To all this, of course, my main reaction was one of dismay. I went into the dusty tome reading business because I thought it would be the one thing where I wouldn't have to use people skills!

Endless problems. Online catalogues do not match actual holdings. Parts of the collection are mysteriously off-limits. Hours change without warning. Photocopying is limited and expensive. Hand-copying is laborious and slow. Digital cameras and computers are often not allowed. I guess one just has to learn one's way around. And take a bibliography class. And bring letters of introduction from everyone. Archivists are sticklers for formality.

A funny story: one girl had found the photocopies she needed were just not forthcoming, day after day. Eventually she managed to talk to people and discover that problem had nothing to do with her being a foreigner or any such thing: they were out of toner and hadn't been able to get more. So she ended up donating a whole bunch of toner. Why not, huh? One of the subtexts of many stories is ways in which you can lubricate the system very tactfully and subtly. Because no one wants to see themselves as corrupt; no one wants to take bribes. Yet on the other hand it is natural to have a certain give and flexibility in the rules. As HT said: the last thing you want is to be dealt with according to the rules, which were written at a time when things were much more rigid.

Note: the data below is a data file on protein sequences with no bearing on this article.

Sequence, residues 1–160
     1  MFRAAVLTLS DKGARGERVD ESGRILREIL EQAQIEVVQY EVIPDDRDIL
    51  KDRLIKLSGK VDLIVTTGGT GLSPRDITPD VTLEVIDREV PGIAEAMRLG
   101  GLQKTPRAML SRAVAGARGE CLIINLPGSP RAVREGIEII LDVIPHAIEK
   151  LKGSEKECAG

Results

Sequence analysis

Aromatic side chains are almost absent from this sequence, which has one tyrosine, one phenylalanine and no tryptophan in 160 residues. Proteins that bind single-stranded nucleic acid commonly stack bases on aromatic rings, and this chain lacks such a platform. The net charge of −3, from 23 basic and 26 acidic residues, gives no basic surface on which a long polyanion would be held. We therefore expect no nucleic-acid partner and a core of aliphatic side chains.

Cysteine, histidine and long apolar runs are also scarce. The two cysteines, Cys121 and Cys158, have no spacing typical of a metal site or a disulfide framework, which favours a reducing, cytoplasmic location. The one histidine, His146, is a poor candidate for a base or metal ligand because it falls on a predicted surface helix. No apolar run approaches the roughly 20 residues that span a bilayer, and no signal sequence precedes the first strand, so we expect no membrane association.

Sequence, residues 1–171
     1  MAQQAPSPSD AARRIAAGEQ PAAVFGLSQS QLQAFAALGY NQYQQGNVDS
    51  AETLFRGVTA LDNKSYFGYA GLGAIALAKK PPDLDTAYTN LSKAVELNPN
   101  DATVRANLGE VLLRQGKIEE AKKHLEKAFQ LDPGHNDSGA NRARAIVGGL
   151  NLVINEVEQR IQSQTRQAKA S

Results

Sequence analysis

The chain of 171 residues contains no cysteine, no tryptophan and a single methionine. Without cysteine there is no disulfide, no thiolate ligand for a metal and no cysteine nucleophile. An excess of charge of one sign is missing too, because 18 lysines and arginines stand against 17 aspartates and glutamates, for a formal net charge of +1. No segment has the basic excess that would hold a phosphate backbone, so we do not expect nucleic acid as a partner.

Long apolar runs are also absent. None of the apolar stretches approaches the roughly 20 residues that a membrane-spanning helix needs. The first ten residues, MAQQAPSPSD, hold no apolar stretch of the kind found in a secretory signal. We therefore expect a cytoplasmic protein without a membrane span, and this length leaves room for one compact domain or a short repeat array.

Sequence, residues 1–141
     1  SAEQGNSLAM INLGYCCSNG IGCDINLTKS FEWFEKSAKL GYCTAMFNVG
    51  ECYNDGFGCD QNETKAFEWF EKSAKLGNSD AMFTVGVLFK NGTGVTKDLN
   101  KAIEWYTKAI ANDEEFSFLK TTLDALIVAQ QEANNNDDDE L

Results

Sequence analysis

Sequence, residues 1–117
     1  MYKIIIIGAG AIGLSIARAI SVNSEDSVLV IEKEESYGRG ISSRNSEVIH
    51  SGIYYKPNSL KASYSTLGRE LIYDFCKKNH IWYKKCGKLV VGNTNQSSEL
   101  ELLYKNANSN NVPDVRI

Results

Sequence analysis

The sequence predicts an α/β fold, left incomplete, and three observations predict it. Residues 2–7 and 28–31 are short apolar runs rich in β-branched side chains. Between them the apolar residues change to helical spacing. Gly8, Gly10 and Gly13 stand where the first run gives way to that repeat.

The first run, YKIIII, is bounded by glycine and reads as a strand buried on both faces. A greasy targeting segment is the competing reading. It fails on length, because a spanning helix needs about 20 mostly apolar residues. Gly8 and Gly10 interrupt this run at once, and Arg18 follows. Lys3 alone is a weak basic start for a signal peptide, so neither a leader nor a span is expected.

Happily for me, I got my admission letter to Peking University (invariably referred to as Beida 北大), along with a tuition waiver. I was one of the lucky 25 (about half of us) who could put our minds at rest. The question of affiliation, a great source of stress for me in the past few months, was settled. The letter came with a pre-filled visa application that said, among other things, that I was married. I sort of liked that, frankly. I had already considered pretending something of the sort, having heard it is a highly effective antidote to unwanted attentions. And aside from that, it just seemed like a good omen.

At the beginning of the lunch-break, I boldly walked up to Professor HT and introduced myself, also saying that I'd really enjoyed his presentation. He had earlier mentioned some work he was doing on later views of the Three Kingdoms hero Zhuge Liang, and we fell into a conversation about this topic, which is quite relevant to mine in a methodological sense. Disconcertingly, it seemed that he knew a fair amount about me already. Perhaps he'd been involved in reviewing my application? In any case, he made some great suggestions. An article he'd written. The recent work of van Ess. German scholarship on the Shiji in general, and that I should seriously consider a post-doc in Germany. (Poor Colin.) That it would be a great way to launch my career and give me an in with the most serious work on my topic that's being done in the West. We had lunch on the patio, and were eventually joined by other archivally-minded FBs. It was nice to get them all selected out so I knew who they were.